The kitchen also features a vertical Liebherr 345L frost-free freezer which uses approximately 130KW of electricity per year. A low energy larder fridge by Liebherr was also purchased due to its controlled humidity and Bio Fresh doors. A high efficiency dishwasher and washing machine both of which are by Bosch and use approximately four litres of water each per wash.

The utility room is home to the washing machine as well as a raised tower of approximately 1.6m to accommodate two drying racks. At the top of the tower, there are two extraction vents for the MVHR system which draws air through the tower, aided by two remotely openable clerestory windows to assist with the drying of the clothes on a ‘fine day.’

“The staircase is a two-storey element and that is used for stacked ventilation where the building can be naturally cooled without the use of fans. The hotter the house gets, the more that ventilation works.

“Upstairs there are three bedrooms, a bathroom and an enlarged landing which is like a lounge area which then leads on to a first-floor terrace which has excellent views,’’ he added.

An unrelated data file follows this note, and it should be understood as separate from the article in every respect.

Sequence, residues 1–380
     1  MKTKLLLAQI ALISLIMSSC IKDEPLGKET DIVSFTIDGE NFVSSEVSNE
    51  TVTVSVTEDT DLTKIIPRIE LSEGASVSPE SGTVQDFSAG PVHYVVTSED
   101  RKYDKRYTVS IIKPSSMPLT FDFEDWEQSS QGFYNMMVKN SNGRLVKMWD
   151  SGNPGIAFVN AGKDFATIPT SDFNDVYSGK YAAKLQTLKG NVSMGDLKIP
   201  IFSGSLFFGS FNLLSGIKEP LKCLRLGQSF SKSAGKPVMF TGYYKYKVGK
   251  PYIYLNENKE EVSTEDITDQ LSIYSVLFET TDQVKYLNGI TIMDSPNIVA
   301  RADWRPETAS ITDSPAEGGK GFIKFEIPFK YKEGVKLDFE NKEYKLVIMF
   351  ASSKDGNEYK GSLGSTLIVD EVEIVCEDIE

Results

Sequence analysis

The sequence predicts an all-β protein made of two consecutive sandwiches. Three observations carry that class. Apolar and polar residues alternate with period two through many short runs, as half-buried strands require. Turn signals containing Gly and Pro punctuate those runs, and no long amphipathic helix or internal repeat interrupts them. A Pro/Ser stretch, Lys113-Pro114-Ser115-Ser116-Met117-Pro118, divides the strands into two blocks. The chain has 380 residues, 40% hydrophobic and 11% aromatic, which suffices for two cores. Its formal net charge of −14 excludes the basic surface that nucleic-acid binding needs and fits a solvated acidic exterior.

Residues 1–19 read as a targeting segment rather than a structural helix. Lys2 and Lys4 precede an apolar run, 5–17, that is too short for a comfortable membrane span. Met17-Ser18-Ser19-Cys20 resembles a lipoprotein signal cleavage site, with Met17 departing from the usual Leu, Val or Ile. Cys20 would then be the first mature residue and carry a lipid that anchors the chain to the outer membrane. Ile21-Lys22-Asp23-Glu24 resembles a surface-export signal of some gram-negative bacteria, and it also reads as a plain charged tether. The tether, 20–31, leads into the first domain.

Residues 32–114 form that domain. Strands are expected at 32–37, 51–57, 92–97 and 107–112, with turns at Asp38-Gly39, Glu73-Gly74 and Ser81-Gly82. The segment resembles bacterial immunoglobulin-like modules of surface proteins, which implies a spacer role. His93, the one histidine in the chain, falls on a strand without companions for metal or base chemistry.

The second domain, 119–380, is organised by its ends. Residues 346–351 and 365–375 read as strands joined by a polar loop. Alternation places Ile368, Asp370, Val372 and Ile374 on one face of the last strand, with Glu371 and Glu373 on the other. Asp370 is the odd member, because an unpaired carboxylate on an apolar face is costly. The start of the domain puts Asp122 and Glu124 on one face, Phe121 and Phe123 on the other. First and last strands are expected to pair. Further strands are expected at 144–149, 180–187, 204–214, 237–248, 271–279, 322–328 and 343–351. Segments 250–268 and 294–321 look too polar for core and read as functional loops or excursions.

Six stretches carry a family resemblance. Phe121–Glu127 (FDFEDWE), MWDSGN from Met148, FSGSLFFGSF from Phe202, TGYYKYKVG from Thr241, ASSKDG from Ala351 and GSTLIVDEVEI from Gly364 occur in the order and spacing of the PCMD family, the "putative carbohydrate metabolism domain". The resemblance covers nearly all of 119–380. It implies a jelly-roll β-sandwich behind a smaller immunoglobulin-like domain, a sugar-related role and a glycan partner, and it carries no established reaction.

“This house is certified as an A1 BER house and the rating is really done on the design of the house. The house runs on 9.9 watts a square metre and it has a primary energy demand of 60.1. Most importantly it has almost half of the NZ requirements. The property has an EPC of 1.3 and a CPC of 1.56 so that is quite significant.

“The property is air-tight tested. The house has a heat pump, it has a mechanical heat recovery ventilation unit which also provides 80% of the hot water in this particular house.

“We enjoy working on all of our projects but this one was particularly enjoyable considering what was thrown at us with the windows. It was a very interesting project not just from an architectural perspective but also a humanity one. It was amazing to see how people rowing together could actually get out of a serious problem and that was wonderful to see,’’ revealed John Morehead.

“Any one of us would love to live in this house but it is designed to suit the client’s needs entirely. They’ve got their stamp on the house already. I love the staircase area in the house and how it segregates the individual spaces and I really like the quality of light coming down the staircase area.

“There is northern and southern light coming in to the same space and it is wonderful to see! There is a lot of Bamboo used throughout the house and it (Bamboo) and from a carbon footprint it really adds value to the whole project and it is a beautiful product to work with. “The clients are delighted with this house,’’ he added.